of the Regulatory Flexibility Act.
    We prepared a regulatory evaluation of the estimated costs to 
comply with this proposed AD. See the ADDRESSES section for a location 
to examine the regulatory evaluation.

List of Subjects in 14 CFR Part 39

    Air transportation, Aircraft, Aviation safety, Safety.

The Proposed Amendment

    Accordingly, under the authority delegated to me by the 
Administrator, the Federal Aviation Administration proposes to amend 14 
CFR part 39 as follows:

PART 39--AIRWORTHINESS DIRECTIVES

    1. The authority citation for part 39 continues to read as follows:

    Authority: 49 U.S.C. 106(g), 40113, 44701.


Sec.  39.13  [Amended]

    2. The FAA amends Sec.  39.13 by adding the following new 
airworthiness directive:

Mitsubishi Heavy Industries: Docket No. FAA-2006-23644; Directorate 
Identifier 2006-CE-03-AD.

When Is the Last Date I Can Submit Comments on This Proposed AD?

    (a) The Federal Aviation Administration (FAA) must receive 
comments on this proposed airworthiness directive (AD) action by 
March 17, 2006.

What Other ADs Are Affected by This Action?

    (b) None.

What Airplanes Are Affected by This AD?

    (c) This AD affects the following airplane models and serial 
numbers that are certificated in any category:

------------------------------------------------------------------------
            Model                             Serial Nos.
------------------------------------------------------------------------
(1) MU-2B-26A and MU-2B-40...  321SA, 348SA, 350SA through 419SA, 421SA,
                                422SA, and 423SA.
(2) MU-2B-36A and MU-2B-60...  661SA, 697SA through 747SA, 749SA through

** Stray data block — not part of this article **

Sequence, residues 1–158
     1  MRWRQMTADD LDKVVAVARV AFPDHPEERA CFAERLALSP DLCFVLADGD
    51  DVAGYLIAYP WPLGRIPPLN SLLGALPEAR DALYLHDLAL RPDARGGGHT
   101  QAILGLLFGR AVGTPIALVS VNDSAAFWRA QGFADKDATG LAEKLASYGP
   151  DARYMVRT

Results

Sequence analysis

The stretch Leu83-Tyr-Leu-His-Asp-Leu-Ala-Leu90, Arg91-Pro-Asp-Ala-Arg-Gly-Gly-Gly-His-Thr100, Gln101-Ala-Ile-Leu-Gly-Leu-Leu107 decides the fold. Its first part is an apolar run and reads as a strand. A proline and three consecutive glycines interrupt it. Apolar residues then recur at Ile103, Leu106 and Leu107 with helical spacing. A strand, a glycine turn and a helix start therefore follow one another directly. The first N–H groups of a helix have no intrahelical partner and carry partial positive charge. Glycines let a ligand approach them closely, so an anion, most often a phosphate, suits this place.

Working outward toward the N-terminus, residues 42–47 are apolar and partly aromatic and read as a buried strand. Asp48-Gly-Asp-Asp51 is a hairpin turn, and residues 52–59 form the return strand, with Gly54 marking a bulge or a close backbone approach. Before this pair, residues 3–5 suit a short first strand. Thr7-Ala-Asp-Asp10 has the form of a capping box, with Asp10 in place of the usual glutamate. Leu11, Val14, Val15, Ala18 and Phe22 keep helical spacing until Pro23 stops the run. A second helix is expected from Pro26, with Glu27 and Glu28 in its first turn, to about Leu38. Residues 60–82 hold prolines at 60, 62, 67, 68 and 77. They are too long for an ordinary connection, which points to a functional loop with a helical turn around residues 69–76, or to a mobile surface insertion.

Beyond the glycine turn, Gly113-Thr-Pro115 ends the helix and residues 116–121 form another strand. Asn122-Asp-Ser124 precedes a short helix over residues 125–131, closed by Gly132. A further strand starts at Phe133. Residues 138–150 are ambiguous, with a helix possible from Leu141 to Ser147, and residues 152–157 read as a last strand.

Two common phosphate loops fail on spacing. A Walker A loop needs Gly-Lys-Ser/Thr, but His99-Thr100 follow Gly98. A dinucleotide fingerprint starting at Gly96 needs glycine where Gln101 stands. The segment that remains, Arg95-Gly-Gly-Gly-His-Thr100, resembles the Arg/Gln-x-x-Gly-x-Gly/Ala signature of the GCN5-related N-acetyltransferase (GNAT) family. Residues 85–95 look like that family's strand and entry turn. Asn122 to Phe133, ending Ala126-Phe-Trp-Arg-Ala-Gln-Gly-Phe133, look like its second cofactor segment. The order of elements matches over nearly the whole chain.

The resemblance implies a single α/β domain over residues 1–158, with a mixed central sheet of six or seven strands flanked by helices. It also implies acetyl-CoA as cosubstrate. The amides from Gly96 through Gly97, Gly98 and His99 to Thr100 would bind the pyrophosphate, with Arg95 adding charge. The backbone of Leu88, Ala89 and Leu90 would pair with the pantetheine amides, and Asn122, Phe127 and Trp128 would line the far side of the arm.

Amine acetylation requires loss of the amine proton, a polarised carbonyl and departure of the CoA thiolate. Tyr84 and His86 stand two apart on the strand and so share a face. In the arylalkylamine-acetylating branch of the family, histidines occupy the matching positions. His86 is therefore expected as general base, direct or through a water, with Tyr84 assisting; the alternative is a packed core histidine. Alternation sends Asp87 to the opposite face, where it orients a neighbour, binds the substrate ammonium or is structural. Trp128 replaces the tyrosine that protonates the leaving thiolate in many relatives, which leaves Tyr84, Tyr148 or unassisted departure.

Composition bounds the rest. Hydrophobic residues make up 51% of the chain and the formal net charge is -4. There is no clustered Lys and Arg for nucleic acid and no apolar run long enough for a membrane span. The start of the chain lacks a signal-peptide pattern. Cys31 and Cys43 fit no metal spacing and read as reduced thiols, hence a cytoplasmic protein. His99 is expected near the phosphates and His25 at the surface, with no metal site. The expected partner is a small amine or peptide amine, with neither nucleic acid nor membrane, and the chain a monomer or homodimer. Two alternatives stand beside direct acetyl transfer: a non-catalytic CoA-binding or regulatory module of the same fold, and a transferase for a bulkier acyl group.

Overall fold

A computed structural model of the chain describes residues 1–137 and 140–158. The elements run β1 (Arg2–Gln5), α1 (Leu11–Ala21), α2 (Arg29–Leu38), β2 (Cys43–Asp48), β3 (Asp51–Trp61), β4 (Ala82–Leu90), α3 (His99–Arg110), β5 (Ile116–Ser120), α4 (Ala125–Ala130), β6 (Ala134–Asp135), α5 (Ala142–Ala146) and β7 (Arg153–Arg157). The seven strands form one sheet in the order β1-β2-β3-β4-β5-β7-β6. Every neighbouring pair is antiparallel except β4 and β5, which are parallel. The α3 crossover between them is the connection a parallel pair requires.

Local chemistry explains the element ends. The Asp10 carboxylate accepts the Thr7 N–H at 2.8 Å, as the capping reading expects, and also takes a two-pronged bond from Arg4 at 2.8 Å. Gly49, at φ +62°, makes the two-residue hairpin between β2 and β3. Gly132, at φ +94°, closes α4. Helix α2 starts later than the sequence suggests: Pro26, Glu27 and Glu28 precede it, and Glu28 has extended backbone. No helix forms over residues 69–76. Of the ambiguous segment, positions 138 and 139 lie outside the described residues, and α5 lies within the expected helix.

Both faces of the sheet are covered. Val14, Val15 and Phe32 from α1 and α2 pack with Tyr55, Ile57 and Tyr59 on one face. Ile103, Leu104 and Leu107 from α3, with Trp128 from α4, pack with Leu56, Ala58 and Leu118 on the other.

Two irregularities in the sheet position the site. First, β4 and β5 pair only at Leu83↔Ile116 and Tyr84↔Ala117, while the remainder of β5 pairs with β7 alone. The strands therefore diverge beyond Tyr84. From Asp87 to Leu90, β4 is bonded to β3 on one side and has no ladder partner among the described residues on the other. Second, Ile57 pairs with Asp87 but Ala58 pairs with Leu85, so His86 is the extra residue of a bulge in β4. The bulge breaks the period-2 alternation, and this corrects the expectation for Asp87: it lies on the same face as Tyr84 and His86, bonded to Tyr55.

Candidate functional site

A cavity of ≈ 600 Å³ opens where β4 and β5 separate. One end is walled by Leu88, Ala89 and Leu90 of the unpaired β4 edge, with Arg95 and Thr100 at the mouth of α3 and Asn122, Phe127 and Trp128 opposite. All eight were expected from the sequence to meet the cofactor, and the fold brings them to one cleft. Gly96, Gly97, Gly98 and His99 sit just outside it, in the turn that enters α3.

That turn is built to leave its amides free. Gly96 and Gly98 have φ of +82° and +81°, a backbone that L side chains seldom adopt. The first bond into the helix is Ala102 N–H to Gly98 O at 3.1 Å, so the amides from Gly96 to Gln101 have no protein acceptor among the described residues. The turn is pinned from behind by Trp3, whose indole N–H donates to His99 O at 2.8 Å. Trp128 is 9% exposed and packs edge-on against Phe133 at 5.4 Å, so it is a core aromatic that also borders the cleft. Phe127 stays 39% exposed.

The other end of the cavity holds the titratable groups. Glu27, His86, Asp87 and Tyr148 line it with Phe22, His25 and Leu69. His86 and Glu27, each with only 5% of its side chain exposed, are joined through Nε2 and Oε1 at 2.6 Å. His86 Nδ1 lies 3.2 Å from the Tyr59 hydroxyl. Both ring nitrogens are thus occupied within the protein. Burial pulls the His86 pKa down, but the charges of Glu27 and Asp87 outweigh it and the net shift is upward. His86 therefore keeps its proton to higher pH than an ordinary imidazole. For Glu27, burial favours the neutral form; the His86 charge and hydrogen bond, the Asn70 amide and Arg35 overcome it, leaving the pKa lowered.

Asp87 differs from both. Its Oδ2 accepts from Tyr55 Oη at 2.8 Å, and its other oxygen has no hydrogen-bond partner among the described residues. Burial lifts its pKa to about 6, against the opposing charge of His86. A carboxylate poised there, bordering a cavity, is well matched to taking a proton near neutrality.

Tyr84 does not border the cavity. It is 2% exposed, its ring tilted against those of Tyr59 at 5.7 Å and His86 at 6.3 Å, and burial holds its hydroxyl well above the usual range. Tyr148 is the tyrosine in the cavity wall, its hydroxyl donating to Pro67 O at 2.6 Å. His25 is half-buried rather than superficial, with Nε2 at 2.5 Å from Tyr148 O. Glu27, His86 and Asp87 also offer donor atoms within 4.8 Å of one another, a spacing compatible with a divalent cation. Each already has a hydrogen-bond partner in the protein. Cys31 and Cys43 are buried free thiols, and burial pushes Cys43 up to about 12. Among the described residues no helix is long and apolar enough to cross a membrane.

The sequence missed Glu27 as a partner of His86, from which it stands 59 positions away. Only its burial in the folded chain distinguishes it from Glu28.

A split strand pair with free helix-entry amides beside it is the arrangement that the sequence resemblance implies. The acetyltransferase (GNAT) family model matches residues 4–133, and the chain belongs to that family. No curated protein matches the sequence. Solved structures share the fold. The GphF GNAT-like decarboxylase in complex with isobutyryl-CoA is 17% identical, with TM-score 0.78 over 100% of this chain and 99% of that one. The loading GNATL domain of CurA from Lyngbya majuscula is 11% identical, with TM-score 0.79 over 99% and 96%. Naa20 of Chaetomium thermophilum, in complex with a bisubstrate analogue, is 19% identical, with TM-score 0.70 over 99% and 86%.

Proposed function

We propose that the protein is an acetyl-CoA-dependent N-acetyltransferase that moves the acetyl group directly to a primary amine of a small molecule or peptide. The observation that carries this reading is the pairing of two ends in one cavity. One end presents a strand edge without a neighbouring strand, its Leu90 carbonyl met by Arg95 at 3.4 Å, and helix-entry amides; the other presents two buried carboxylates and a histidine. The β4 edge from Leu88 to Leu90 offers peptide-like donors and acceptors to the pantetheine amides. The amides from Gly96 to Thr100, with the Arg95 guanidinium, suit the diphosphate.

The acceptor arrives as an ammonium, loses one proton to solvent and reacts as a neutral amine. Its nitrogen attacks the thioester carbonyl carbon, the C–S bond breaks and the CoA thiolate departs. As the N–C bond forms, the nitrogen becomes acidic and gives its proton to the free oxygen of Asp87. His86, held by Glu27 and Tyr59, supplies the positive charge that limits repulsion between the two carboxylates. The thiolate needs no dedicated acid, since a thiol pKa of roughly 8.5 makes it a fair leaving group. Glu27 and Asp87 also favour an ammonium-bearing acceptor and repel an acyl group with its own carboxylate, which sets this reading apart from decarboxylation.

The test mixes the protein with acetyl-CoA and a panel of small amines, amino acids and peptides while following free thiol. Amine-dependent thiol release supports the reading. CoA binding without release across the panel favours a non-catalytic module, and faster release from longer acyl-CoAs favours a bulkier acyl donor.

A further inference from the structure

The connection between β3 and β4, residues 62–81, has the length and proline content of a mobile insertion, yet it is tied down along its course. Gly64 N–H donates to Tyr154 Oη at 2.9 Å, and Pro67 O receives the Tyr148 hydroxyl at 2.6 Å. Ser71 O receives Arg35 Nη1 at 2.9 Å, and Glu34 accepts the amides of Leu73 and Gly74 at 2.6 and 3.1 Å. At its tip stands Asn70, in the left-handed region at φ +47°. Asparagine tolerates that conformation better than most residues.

757SA, and 759SA through 773SA.
------------------------------------------------------------------------

What Is the Unsafe Condition Presented in This AD?

    (d) This AD results from a recent safety evaluation that used a 
data-driven approach to analyze the design, operation, and 
maintenance of the MU-2B series airplanes in order to determine 
their safety and define what steps, if any, are necessary for their 
safe operation. Part of that evaluation was the identification of 
unsafe conditions that exist or could develop on the affected type 
design airplanes. The actions specified in this AD are intended to 
prevent confusion in blade angle settings. This unsafe condition, if 
not corrected, could lead to an asymmetric thrust situation in 
certain flight conditions, which could result in airplane 
controllability problems.

What Must I Do To Address This Problem?

    (e) To address this problem, you must do the following:

------------------------------------------------------------------------
           Actions                 Compliance            Procedures